• Section 72(3) states that a valid nomination confers all rights in the securities to the nominee upon the death of the holder, unless varied or cancelled.
  • If the nominee is a minor, the securities holder making the nomination can appoint a person to receive the securities in case of the nominee’s death during minority.
  • Various sections of the Act and Table A of the English Companies Act provide rules regarding membership, transmission of shares upon death, and transfer of shares by legal representatives.
  • Section 41 of the Act confirms that subscribers of a company’s memorandum are deemed members upon registration, and others become members upon written agreement.
  • Section 109 of the Act validates transfers of shares by the legal representatives of deceased members, even if the representative is not a member.
  • Articles 25 to 28 of Table A deal with the transmission of shares upon a member’s death, specifying the recognition of the survivor in joint holdings and legal representatives in sole holdings.
  • Disputes related to inheritance of shares are considered civil disputes and do not fall under oppression or mismanagement under sections 397 and 398 of the Companies Act.
  • The question of ownership of shares is not within the scope of Section 397.
  • The nomination of shares is subject to the claim of heirs under the law of succession.
  • Locus standi to entertain petitions under sections 241 and 242 of the Companies Act, 2013 was discussed in a related case.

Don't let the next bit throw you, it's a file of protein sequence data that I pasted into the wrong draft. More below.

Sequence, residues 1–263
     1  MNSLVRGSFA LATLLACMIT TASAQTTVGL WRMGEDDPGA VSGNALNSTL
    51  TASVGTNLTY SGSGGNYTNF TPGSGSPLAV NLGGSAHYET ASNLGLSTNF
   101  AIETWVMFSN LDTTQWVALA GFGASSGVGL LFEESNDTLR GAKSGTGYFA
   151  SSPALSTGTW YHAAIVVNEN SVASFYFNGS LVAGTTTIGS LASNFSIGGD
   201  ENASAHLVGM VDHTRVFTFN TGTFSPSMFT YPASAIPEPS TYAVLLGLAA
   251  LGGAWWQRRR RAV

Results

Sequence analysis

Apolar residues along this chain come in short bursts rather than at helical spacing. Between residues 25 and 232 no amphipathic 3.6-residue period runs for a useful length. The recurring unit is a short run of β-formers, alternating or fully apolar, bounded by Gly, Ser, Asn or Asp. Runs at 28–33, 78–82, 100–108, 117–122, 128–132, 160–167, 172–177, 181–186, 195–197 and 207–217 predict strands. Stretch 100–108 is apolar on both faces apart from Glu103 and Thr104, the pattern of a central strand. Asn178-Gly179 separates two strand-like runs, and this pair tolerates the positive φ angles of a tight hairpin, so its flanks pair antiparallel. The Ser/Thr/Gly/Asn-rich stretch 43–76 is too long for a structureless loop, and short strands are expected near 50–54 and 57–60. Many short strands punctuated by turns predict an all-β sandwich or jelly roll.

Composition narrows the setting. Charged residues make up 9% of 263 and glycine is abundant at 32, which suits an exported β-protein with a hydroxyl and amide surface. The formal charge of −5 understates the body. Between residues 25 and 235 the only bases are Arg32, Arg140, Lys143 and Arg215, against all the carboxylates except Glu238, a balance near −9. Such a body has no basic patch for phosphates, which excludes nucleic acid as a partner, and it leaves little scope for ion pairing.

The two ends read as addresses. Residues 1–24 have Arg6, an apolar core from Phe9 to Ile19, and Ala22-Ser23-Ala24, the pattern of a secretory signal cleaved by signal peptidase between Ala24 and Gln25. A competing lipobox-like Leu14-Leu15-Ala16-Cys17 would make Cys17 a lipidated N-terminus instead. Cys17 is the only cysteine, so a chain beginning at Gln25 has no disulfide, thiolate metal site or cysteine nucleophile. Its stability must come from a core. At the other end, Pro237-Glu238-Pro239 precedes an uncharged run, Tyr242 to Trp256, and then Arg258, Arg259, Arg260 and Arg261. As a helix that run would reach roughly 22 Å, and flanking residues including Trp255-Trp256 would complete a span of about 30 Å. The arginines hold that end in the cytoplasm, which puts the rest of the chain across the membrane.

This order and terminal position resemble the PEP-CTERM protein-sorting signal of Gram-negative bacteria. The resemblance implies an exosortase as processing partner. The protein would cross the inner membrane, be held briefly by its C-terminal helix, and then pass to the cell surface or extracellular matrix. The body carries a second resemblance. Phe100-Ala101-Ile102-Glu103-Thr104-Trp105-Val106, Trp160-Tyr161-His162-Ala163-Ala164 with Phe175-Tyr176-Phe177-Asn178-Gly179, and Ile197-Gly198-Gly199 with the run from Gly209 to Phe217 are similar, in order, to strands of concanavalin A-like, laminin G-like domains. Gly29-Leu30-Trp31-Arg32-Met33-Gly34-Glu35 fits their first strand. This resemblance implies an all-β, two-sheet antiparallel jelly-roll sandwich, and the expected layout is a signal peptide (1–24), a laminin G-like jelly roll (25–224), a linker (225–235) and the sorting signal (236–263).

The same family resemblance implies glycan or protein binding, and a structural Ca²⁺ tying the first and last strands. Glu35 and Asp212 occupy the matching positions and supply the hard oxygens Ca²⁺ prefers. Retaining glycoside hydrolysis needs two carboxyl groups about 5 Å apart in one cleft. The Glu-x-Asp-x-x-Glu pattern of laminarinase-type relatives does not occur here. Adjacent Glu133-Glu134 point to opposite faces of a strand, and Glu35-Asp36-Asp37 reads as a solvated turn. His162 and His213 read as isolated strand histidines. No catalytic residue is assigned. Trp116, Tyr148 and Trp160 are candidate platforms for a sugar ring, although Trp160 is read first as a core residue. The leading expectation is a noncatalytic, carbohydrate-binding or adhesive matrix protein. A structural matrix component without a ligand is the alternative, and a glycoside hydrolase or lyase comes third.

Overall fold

• Legal representatives were eager to have their names on the register of members after the original member’s demise, who held a controlling interest.
  • The petition’s basis involved claiming inheritance of a shareholding which cannot be decided under sections 241 and 242 of the Act.
  • The nominee’s rights are determined by statutory provisions, especially in cases of nominations under Section 71 of the Companies Act, 2013.
  • The respondent’s entitlement is in question due to a pending civil dispute.
  • The respondent should have waited for the decision in the civil suit regarding shares before initiating NCLT proceedings.
  • Given the minuscule extent of holding (0.03%) acquired after filing the civil suit, the NCLT proceedings under sections 241 and 242 should not be entertained.
  • Transactions alone do not indicate oppression and mismanagement in this case.

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  • Dropping of proceedings filed before the NCLT regarding oppression and mismanagement under sections 241 and 242 of the Act is directed with the liberty to file afresh if necessary.
  • If the civil suit is decreed in favor of respondent No.1, the proceedings can be refiled if the shareholding of respondent No.1 increases to the required extent.
  • Impugned orders passed by the NCLT and NCLAT are set aside, and the appeals are allowed.

Case Title: ARUNA OSWAL Vs. PANKAJ OSWAL (2020 INSC 448)

Case Number: C.A. No.-009340 / 2019